Stock prices of Tencent, other gaming companies dive after blasted by a national newspaper
Published: Aug 03, 2021 08:13 PM
A player plays an online game in Jinhua, East China's Zhejiang Province in February. Photo: IC

A player plays an online game in Jinhua, East China's Zhejiang Province. Photo: IC

Share prices of Chinese online gaming companies tumbled on Tuesday, after a report by the Economic Information Daily, affiliated to Xinhua News Agency, asserted that online games are "spiritual opium", and their impact on teenagers' health should not be underestimated.

The commentary, though later removed from the newspaper's official website and replaced by a new edited version, reportedly dealt a blow to Chinese online gaming companies on the stock market but pleased Chinese parents. 

On Tuesday, shares of Chinese gaming giant Tencent Holdings tumbled by 6.11 percent to close at HK$446.00 ($57.36) at Hong Kong stock exchange. Gaming companies NetEase Inc fell 7.77 percent to close at HK$145.90 and XD Inc fell 8.12 percent to end at HK$55.15.

In the A-share market, Wuhu 37 Interactive Entertainment Network Technology Group Co slid 5.61 percent, Perfect World Co was down 5.29 percent and Zhejiang Century Huatong Group Co fell 5.26 percent.

On Tuesday, the Economic Information Daily reported that addiction to online games has negative impact on teenagers' physiology and psychology. It pointed out that more than half of the country's children and teenagers suffered from near-sightedness in 2020, and addiction to online games affected their academic performance and led to development of personality disorders.

The news article said that "the harm of online games" is increasingly becoming a social consensus, with the industry being dubbed as "spiritual opium" or "electronic drug". But these phrases were later deleted in the updated and edited version titled Online Games Grow into Industry with Hundred Billion [Yuan]. 

The article on Tuesday has won support from some Chinese parents. 

"[The online gaming sector] should have been regulated earlier. Look at the children in the countryside. Even if they have one day off, they will spend it playing online games, whether they're in primary, junior high or senior high school," a Weibo user said on Tuesday. 

"I am for tougher regulations. My brother dropped out after he was addicted to online games. He used to be a very good student in school," another Weibo user said. 

Online gaming has grown into a massive industry. In 2020, gaming sales in China grew 20.71 percent year-on-year to reach 278.7 billion yuan ($43.1 billion).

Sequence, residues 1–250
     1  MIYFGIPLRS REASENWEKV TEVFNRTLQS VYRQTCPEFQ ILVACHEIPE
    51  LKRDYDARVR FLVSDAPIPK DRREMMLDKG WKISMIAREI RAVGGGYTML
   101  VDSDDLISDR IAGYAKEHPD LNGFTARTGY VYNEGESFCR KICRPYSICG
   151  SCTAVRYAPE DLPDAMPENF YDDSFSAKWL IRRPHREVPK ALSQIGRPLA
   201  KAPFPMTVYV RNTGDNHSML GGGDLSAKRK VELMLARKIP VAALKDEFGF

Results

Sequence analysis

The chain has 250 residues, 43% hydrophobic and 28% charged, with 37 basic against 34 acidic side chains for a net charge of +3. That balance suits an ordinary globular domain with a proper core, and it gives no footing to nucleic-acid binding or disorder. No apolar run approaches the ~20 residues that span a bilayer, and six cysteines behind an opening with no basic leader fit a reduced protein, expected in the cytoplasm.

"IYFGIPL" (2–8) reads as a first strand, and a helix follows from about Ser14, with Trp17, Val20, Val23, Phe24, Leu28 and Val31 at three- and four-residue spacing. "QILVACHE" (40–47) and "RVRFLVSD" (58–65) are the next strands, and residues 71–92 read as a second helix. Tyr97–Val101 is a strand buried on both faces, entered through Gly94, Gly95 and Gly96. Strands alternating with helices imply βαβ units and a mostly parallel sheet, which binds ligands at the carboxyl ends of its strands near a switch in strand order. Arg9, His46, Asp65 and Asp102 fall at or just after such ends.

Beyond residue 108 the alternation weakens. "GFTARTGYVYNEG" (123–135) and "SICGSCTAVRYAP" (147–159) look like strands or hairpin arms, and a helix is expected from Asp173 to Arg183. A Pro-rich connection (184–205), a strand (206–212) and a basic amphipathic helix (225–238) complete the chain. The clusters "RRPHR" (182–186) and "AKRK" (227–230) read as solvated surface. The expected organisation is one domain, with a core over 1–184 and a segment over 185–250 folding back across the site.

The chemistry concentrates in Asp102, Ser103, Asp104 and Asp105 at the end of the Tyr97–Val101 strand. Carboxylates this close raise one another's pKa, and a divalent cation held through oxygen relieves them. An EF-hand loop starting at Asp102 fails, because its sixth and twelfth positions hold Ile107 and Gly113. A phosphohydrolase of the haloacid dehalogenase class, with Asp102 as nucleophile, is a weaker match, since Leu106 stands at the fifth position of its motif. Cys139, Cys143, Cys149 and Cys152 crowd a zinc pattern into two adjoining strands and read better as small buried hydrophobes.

Tencent - which accounts for about half of the market - posted income of 156.1 billion yuan.

Tencent on Tuesday replied that it will introduce new tech safeguards to limit online playing time of minors under 12 years old - from original 90 minutes to 1 hour per day on school days, and from 3 hours to 2 hours on weekends and holidays. The company also vowed to inspect, at any time, any user who is a minor but is pretending to be an adult.

According to the report by the Economic Information Daily, a survey conducted at a middle school in Luzhou, Southwest China's Sichuan Province, about students' addiction to online games showed that 26.23 percent of 2,000 respondents played online games every two or three days, while 11.66 played every day.

Honor of Kings, developed by Tencent, is the most popular mobile game among the surveyed students, with 47.6 percent playing the game frequently. It is also one of the most popular mobile games among Chinese young and adult gamers. 

At the China Digital Entertainment Expo and Conference, or ChinaJoy, Yang Fang, vice-director of the Publishing Bureau of the Central Publicity Department said on July 29 that the country has established a national online game anti-addiction real-name authentication system, with over 5,000 enterprises and 10,000 games set to be connected.

Yang said that relevant government agencies will continue to focus on anti-addiction work.

Regarding market sentiment in the wake of China's tough regulation of the platform economy and private education sector, TF Securities reassured investors, by saying there is no need for the market to panic. 

Regulatory moves targeting the platform economy or after-school tutoring were aimed at fostering healthy development of the concerned industries. According to Xinhua, the measures are designed to safeguard cybersecurity and social well-being, and definitely not a crackdown. On the contrary, they aim for economic and social development over the long term.

Liu Dingding, a Beijing-based independent tech analyst, said the Economic Information Daily's article does not signal China's crackdown on its burgeoning gaming sector. "All of the moves aim to build a healthy and safe cyber environment for Chinese users," he told the Global Times. 

In addition, as an indispensible part of the cultural industry, gaming is connected to many sectors, including cloud computing, big data, literature, IP, animation and music, according to Liu, and the industry has promising development prospects. 

Addiction to online games by children is not only a problem for game developers, Chu Zhaohui, a research fellow at the National Institute of Education Sciences, told the Global Times. "Our educational system should develop personal autonomy for children so that they can make choices by themselves," the educational expert suggested.